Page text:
Make your content easy-to-access and simple, or the user just won't stick around.

Don't bombard the user with too much information. A keyword strategy will enable your business to focus on particular keywords within the website, and will help the users work their way around your site.


Use your happy customers to sell for you!

Social media can be extremely effective in creating desire, since it can show readers the positive experiences that others have had with the product, through testimonials, user reviews and case studies. All of these will help in creating a desire in your audience. User-generated reviews tend to perform well, since prospective consumers can relate to the users, and therefore trust them.

If you are a looking to generate interest in your product/service, try offering users a free trial of the product/service, ask them to write a review, and let them keep the product after the trial has ended as a thank you.

Once your consumer desires the product or service, it is time for them to take action!


Make it hassle free and they'll come back

Last, but by no means least, the user will take action and sign up to the event, purchase the product, donate money, or take action in another way. It is important that this process is as hassle-free as possible. Use prominent and simple calls to action.

It is important to carefully consider what happens when a user responds to your call to action. If the user has made a payment or submitted a form, make sure they are aware that the payment or form has gone through successfully. It's best to do this actually within the website, with an email confirmation as additional confirmation. Emails can often get lost in spam filters and leave buyers concerned! If your call to action involves delivering a product, make sure you are clear about the charges and timescales associated with these products.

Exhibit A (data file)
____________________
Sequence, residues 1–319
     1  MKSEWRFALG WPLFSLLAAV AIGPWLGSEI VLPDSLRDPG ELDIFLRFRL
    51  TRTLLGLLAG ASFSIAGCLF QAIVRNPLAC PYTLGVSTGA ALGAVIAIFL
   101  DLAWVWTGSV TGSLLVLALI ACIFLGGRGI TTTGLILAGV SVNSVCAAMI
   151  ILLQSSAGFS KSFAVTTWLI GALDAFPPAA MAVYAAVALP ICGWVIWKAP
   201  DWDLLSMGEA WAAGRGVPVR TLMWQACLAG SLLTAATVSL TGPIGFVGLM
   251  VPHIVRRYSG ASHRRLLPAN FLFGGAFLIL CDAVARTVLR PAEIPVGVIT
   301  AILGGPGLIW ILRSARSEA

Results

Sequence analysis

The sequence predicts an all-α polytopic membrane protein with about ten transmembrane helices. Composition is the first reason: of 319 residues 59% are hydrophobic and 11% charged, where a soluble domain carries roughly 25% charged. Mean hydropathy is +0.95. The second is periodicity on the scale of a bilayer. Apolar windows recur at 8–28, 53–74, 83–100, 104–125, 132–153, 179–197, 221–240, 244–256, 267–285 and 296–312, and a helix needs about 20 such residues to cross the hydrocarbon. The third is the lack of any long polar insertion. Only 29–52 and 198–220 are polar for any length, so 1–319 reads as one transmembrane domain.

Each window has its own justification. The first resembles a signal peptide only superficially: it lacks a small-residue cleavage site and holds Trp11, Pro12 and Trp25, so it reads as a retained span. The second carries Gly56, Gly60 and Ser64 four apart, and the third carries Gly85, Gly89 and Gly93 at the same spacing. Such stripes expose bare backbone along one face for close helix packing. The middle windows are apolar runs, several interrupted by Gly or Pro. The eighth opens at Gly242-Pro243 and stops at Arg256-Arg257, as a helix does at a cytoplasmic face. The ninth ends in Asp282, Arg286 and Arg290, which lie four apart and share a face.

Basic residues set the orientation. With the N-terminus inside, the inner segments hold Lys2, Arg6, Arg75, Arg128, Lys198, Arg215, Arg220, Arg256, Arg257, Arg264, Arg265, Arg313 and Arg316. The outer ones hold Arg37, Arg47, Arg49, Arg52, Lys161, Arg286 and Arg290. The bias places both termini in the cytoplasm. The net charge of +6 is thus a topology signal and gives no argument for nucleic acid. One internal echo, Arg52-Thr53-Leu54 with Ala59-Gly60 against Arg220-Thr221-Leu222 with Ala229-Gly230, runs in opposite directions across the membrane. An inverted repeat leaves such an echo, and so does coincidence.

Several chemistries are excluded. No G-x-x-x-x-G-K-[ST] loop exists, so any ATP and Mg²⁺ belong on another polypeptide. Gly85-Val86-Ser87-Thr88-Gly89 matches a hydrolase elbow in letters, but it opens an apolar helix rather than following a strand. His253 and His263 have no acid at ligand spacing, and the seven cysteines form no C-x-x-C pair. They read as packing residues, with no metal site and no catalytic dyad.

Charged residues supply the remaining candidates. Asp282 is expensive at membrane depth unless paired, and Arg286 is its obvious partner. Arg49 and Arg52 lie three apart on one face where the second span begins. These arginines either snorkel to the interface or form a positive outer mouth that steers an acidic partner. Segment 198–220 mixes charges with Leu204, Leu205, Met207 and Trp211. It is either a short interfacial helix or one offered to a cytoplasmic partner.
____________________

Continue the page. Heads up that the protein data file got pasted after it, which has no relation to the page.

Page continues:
Once the user has completed the call to action, try to consider secondary call to actions- either asking the user to follow you on Twitter, Facebook, or to sign up to a newsletter. This is a way to maintain interest from the user, and so the cycle can start again!

Make sure you have contact details or FAQs on the website – this will give the user somewhere to turn if there is an error or an issue they need to contact you about. If you are offering a product in a competitive market, and a user has a query about the product, it is unlikely that the user will hang around to get an answer to their query- they would simply look elsewhere for a similar product.

So there you have it... a 4-step model for web marketing success! Take a look at your website content and think about whether it ticks the boxes.

Written by Emma Bourne, Business Coordinator at ExtraMile Communications.

At ExtraMile we try to take an hour out each week to look around us at what others do and to gain inspiration and to admire people's creativity. Each post in this series is one staff member's take on the world of web, design and things online. We hope you enjoy it.


About ExtraMile

A digital marketing agency with international capabilities